Nutrition Tip #4

Eat Protein at Every Meal or Snack
Protein is the most satiating of all the macronutrients, meaning it will keep that hunger away longer than carbohydrates or fat. Protein also has the highest Thermic Effect of Feeding (TEF), meaning it requires more energy to digest protein than any other macronutrient. It is also the least likely nutrient to be stored as fat. Consuming an adequate amount of protein every day (~1g/lb of bodyweight) will maintain lean mass and help create new muscle tissue.

Key Tips:
•    Women should consume approximately 15-30 grams at every meal/snack.
•    Men should consume approximately 30-50 grams at every meal/snack.
•    Get most of your protein from real whole food. No more than 40 grams of powder.

Nutrition Tip #5

Drink 0-Calorie Beverages
The body doesn’t recognize liquid calories as energy intake, and therefore will not downregulate intake for the remainder of the day. Drinking calories is an easy way to overconsume and gain weight, so sticking to non-caloric beverages will help prevent unwanted weight gain.

Key Tips:
•    Best non-calorie choices are water, tea (white, green, oolong, black, rooibos, yerba mate), and black coffee.
•    Some fruit juice is ok in moderation, but only pure juice, no added sugar.

Nutrition Tip #6

Drink Your Calories
This goes completely counter to Tip #5, but if you are purposefully trying to gain weight, drinking calories is an easy way to sneak in extra calories without actually having to eat and chew much more food. Blending up real food is my favorite option. These smoothies can be all the difference in gaining that much wanted muscle.

Key Tips:
•    Blend real food such as cottage cheese, fruit, nuts and some protein powder.
•    Experiment, have fun with it, and enjoy the results.

Nutrition Tip #7

Choose Full-Fat Versions
When trying to gain weight I see far too many people eating fat-free cottage cheese, Greek yogurt and skim milk. These are inferior choices to the full-fat versions for caloric intake, and they are not inherently less healthy. In all actuality they actually contain more nutrients (like vitamin A) and the fat helps the absorption of these nutrients.

Key Tips:
•    Choose whole milk, 4% fat cottage cheese, and whole fat Greek yogurt when appropriate.
•    Eat plenty of nuts, extra virgin olive oil, and fish oil to balance the increase in saturated fat intake (which isn’t a bad thing!)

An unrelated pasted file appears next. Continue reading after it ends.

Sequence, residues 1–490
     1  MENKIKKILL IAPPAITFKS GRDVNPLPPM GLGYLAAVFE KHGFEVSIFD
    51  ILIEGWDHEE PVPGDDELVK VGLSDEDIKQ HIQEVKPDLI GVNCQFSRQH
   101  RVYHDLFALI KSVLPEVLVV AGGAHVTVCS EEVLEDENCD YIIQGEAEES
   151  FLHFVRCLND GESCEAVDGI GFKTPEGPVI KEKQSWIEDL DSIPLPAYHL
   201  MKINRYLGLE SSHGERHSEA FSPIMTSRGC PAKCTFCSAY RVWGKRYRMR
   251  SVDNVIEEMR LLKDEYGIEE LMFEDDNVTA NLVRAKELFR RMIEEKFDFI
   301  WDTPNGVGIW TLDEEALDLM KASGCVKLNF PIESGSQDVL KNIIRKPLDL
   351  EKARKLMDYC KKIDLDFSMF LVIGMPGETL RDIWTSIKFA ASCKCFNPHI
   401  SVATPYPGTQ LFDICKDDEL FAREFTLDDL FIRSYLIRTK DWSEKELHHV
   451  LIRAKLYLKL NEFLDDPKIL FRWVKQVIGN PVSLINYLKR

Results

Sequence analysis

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Whenever I have a question about nutrition or supplements, I always call the same person. My friend Brian St. Pierre is the Nutrition Consultant and a Strength and Conditioning Coach at Cressey Performance in Hudson, MA. He’s truly one of the brightest young minds in sports nutrition today and really “gets it” in terms of being familiar with the research AND knowing how to implement strategies to help his athletes succeed.

A while back, Brian sent me some AWESOME nutrition tips that I wanted to share with you. The first three tips are below. Check back throughout the rest of the week for more great hockey nutrition information.

Nutrition Tip #1

Eat Real Food!
It may seem trivial or vague, but if you sat back and really took stock of the food in your home, you would probably be shocked to realize just how much of it qualifies as a food product, not actual food. Increasing the amount of real food, defined below, and decreasing the amount of food products you consume is the easiest thing you can do to improve your nutrition and health. It doesn’t require counting calories, worrying about nutrient timing, calculating macronutrient percentages, or any of that, and it will have a far greater impact on your health.

Real Food Conditions:
•    If you couldn’t hunt, fish, pluck, grow, or ferment/culture the food, you probably shouldn’t eat it.
•    If it wasn’t food 100 years ago, it probably isn’t food today.
•    If it comes in a box or a plastic wrapper, it probably isn’t food, it is a food product.
•    If it contains lots of industrial vegetable oil (canola, cottonseed, soybean, safflower, sunflower, etc) and/or added sugar/high fructose corn syrup, it probably isn’t food, it is a food product.

Nutrition Tip #2

Eat Food as Close to its Natural State as Possible.
Eating food that has been produced in a sustainable, animal, plant and environmentally friendly manner will not only have a profound impact on your health, but the health of your food and the health of the planet. Choosing food from local, seasonal and sustainably grown sources, like farmer’s markets, ensures that you know exactly where your food is coming from, who is producing that food, and exactly how it is produced.

Natural State Conditions:
•    Eat meat, eggs and dairy from pastured/grass-fed animals.
•    Eat full fat versions of these foods for the greatest profile and absorption of nutrients.
•    Eat produce from local, seasonal, and sustainably grown sources.

Nutrition Tip #3

Eat Vegetable and/or Fruits at Every Meal or Snack
This is the easiest way to meet your minimum of 5 servings of fruits and veggies per day. I would go so far as to say the minimum should be 7-10 servings. Maximize your health to maximize your performance. You will drastically increase the amounts of powerful phytonutrients, antioxidants, vitamins, minerals and fiber to optimize your nutrition.

Key Tips:
•    You don’t need a side salad with every meal. 1 serving will do just fine.
•    9 baby carrots, 2 celery sticks, and small pieces of fruit are all equivalent to one serving.